I’ve been running Homebrew on my Wii for quite some time, which also gives me the ability to play backed up games from a USB hard drive. There’s several advantages to this; I don’t have to worry about changing DVDs anytime I want to play a game, in addition to not having to carry them around. Additionally, having the games loaded from a USB hard drive decreases the time it takes to load games.
I needed to keep a log of all the steps I had to take in order to get this functionality working, so I figured I might as well be helpful and provide a list of the steps needed to do so.
The only thing I ask is that you don’t follow these methods to pirate games. It’s wrong and it cheats developers out of money they deserve. Homebrew is there to help enhance the functionality of the system, not for free games. So please use it wisely and don’t abuse the system. It’s all on the honor system here folks.
- External USB Hard Drive
- Homebrew Channel already installed (See Twilight Hack if you have system 3.4 or less, Bannerbomb if you have 4.0-4.2, or LetterBomb if you have 4.3)
Step 1 – Install cIOS38 (if already installed, skip to Step 2)
- Download cIOS38_rev14 (you can find it here)
- Extract and rename “cIOS38_rev14-Installer” to “boot.dol”.
- Create a folder named “cIOS38_rev14″ under the /apps directory on your SD card and copy the extracted “boot.dol” file to that folder.
- If this doesn’t work and the installation fails, you need to download the Trucha Bug Restorer for your system. Try that and attempt to install cIOS38 again. Please note that this step may brick your Wii! I highly recommend you go ahead and install BootMii in boot2 and back up your NAND before attempting this portion. Doing so will allow you to recover should anything go wrong, otherwise you are continuing at your own risk!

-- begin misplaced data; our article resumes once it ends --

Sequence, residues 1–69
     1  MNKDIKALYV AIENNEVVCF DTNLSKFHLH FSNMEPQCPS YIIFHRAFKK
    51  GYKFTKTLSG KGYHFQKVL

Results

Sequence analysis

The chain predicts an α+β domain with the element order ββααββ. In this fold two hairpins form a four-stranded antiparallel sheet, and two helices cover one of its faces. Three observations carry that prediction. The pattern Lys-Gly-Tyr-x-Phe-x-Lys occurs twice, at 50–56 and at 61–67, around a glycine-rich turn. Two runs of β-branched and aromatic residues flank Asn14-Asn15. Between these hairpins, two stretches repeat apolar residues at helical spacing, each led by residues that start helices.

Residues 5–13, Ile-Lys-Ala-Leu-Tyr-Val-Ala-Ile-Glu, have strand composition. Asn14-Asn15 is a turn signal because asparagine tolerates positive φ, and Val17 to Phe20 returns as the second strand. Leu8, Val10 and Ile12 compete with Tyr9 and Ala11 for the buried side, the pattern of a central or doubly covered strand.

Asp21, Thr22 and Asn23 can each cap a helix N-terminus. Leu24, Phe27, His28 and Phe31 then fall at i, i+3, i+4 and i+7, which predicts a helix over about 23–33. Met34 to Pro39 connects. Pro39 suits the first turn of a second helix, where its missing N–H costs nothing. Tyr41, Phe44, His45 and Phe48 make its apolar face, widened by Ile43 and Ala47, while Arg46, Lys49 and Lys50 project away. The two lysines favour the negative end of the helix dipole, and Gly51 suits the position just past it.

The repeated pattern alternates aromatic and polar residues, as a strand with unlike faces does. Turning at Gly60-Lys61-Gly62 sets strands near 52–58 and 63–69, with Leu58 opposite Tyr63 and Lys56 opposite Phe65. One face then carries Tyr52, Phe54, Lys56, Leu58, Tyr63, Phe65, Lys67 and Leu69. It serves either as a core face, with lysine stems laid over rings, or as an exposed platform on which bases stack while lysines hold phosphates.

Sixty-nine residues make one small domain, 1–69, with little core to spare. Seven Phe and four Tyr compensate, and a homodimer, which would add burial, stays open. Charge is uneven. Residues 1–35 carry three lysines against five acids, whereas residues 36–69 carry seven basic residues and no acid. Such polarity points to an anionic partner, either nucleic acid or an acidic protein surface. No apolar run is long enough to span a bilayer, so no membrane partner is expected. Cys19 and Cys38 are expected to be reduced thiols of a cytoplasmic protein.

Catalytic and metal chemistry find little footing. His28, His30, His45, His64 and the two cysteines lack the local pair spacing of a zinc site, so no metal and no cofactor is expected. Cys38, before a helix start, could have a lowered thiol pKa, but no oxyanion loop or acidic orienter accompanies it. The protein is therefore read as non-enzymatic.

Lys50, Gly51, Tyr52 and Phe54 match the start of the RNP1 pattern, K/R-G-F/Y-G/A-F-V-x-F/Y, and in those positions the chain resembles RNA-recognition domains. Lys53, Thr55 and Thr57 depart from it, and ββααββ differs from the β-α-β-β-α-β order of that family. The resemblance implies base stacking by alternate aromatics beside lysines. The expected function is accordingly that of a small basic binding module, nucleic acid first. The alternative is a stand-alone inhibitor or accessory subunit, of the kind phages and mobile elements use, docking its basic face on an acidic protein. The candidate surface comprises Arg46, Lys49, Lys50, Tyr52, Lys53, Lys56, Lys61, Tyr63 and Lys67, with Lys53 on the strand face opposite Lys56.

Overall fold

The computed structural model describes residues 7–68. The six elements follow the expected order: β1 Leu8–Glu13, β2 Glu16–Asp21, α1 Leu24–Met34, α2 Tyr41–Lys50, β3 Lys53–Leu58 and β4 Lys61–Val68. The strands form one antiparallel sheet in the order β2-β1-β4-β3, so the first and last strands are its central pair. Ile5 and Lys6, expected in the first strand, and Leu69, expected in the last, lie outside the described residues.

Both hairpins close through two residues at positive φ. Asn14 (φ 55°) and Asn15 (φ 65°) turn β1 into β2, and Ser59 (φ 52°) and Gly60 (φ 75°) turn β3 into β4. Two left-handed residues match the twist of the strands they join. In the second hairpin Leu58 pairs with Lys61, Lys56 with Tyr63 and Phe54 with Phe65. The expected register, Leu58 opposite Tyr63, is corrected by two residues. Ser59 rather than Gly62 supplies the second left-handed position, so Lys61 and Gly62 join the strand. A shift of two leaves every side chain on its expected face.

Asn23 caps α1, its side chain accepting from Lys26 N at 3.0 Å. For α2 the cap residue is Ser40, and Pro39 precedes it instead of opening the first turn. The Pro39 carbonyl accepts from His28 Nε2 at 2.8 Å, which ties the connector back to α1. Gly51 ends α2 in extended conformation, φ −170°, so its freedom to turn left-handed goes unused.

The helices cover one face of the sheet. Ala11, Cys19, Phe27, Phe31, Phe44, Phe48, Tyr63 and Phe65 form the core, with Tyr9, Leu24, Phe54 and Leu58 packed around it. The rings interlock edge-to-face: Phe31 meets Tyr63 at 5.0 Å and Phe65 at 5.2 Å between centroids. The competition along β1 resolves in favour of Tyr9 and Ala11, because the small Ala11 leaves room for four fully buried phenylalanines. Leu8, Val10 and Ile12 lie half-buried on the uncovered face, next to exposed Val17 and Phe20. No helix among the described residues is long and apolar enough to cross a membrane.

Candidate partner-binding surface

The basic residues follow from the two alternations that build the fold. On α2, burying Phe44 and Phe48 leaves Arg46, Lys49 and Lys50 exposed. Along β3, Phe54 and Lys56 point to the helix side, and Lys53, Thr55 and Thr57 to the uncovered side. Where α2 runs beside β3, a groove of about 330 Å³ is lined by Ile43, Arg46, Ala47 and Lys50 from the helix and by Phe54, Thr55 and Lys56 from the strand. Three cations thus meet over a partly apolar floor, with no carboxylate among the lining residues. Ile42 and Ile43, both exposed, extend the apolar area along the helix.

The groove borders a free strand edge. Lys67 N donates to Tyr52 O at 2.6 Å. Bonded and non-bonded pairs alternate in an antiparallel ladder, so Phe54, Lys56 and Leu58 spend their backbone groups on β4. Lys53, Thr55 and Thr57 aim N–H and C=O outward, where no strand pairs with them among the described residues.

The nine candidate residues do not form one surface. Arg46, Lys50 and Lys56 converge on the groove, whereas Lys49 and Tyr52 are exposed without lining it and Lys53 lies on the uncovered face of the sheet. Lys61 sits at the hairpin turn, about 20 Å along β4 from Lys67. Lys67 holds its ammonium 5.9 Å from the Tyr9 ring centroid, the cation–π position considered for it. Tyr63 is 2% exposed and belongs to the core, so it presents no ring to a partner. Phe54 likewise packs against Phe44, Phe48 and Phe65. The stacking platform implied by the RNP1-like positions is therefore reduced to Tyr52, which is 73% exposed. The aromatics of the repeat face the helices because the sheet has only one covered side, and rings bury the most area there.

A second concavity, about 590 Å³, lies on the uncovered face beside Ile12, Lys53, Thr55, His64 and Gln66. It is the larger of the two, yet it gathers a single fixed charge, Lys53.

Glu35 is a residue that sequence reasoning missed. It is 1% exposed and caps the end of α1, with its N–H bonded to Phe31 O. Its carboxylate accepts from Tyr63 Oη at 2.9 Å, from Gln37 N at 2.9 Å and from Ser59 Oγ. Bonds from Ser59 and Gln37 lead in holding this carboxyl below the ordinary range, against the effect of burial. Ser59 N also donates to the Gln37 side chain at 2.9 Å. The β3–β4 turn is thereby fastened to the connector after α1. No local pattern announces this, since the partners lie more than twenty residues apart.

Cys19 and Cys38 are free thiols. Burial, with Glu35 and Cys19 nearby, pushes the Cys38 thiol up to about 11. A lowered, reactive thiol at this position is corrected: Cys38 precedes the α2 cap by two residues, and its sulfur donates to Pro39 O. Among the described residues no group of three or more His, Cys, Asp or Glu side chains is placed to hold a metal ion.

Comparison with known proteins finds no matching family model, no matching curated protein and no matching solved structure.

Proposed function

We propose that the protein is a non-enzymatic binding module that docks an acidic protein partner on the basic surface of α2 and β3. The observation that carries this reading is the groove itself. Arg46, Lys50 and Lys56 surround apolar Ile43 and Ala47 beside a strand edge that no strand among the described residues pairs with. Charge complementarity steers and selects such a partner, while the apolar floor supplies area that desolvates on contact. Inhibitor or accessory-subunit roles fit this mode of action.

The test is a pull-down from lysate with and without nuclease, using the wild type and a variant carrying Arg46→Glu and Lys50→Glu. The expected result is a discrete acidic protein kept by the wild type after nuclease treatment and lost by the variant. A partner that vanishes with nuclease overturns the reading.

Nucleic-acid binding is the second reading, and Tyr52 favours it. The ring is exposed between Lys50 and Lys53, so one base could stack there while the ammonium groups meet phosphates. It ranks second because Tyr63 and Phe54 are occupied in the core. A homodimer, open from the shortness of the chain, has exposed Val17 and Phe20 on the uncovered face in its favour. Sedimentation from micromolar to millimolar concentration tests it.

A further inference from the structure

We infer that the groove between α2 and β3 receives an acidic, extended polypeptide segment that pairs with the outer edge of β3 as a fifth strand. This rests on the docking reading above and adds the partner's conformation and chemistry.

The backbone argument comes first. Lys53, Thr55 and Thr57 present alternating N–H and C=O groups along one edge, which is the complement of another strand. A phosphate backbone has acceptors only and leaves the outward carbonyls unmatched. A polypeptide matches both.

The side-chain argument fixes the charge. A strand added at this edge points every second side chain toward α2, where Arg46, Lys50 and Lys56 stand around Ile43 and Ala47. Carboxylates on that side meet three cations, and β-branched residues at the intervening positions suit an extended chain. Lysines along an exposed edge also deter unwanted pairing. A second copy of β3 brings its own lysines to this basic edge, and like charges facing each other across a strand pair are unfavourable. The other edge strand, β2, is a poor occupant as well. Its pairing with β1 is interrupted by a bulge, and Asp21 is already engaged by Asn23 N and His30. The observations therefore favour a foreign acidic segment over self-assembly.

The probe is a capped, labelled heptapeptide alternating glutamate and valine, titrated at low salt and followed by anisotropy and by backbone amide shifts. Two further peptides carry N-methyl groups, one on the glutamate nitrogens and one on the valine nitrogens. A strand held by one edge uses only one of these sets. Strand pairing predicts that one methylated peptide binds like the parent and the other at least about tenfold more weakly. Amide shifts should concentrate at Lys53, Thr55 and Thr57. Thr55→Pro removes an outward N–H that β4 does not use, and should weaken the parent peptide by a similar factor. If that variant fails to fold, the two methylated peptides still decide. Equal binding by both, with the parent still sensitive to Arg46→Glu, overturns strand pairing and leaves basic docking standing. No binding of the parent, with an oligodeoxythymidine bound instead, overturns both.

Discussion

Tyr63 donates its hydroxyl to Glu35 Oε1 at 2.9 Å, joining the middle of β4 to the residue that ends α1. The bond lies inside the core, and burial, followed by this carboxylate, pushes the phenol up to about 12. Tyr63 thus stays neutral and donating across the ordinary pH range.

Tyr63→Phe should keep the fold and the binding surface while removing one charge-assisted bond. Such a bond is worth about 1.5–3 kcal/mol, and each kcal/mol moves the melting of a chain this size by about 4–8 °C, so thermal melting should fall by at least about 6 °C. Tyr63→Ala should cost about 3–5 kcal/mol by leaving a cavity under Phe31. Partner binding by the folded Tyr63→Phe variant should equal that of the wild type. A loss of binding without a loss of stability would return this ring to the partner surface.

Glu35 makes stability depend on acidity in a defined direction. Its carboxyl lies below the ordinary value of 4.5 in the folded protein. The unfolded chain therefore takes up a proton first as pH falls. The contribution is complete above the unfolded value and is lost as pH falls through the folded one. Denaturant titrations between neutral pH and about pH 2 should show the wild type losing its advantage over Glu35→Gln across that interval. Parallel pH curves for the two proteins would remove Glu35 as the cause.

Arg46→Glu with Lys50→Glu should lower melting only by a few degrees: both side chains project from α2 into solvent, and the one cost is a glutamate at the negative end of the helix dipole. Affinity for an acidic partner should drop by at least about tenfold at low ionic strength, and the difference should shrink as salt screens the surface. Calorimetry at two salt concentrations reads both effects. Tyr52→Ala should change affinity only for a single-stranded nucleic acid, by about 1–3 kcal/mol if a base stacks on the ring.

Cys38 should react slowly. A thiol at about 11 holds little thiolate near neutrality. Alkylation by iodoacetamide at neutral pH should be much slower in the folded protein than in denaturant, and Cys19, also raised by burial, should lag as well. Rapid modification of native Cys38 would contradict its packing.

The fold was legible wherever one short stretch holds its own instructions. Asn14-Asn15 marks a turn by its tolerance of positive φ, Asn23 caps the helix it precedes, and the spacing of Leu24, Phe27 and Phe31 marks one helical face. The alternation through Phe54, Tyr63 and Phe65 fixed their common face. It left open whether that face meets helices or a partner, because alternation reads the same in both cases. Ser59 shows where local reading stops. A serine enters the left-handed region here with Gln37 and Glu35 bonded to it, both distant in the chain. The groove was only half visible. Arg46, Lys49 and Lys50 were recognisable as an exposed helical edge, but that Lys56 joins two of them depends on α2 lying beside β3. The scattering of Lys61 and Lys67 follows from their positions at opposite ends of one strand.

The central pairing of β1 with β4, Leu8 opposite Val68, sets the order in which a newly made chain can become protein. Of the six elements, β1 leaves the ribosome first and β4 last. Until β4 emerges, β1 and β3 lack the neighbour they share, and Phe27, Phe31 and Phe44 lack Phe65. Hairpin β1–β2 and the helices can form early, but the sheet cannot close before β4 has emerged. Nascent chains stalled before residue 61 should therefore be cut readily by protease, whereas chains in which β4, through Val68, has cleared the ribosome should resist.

Step 2 – Install a USB Loader
- Follow any included instructions, otherwise you may only need to copy the extracted folder into your /apps directory on your SD card.
Step 3 – Format Your Hard Drive
You may want to partition your hard drive if you want to separate your Wii files from anything else you may have on there. Most loaders now support FAT32, but there are others that support NTFS as well. If you want to use NTFS you will need to check with your USB Loader to ensure that it supports that format as a feature.
- If you want to partition your hard drive, you may want to try and download a partition manager like GParted. Otherwise you can use the whole hard drive.
- If you decided to use GParted, simply partition the hard drive and format the partition you want to use as “FAT32″ and continue on to Step 4.
Step 4 – Install & Run Games
The following steps may differ depending on which USB loader you installed (I’m using Configurable USB Loader).
- Launch the homebrew channel and your recently installed USB Loader.
- Select “USB Mass Storage Device”.
- Insert any game disc, and press “+” to install it. This may take some time depending on the size of the game.
- Repeat last step for each and every game you want to install.
- You’re now ready to play your backed up games! Just select your game, and press “A” to begin.
Some of the USB Loaders will automatically download game covers, and others don’t. If you downloaded one that doesn’t you can find them here. It’s only 40mb to download 450+ covers, so you might want to do it anyway just in case.
If you have any issues with the above steps, please be sure that you remove any and all GameCube memory cards. It seems some Homebrew stuff has issues with the memory cards in place when you’re trying to install.
I tried to be as detailed as possible and cover as many angles as I could, but I’m bound to have missed a thing or two. If you are attempting to follow this guide and are running into some issues, or I seem to be missing a vital step, leave a comment and I’ll try to address it as best as I can.
As a bonus, here’s what it all looks like using the loader I tried. Please note that the above steps will not create a USB Loader channel in your main menu, but will need to be accessed through the Homebrew Channel. If you’re interested in doing so, you can follow this guide here which outlines the steps to create a USB Loader Forwarder Channel and creating channels from games installed onto your USB hard drive.
This is only a small piece of the pie of what Homebrew offers. There’s tons of applications and utilities available, not to mention the ability to play DVDs. You can find more details and information on everything over at WiiBrew.org.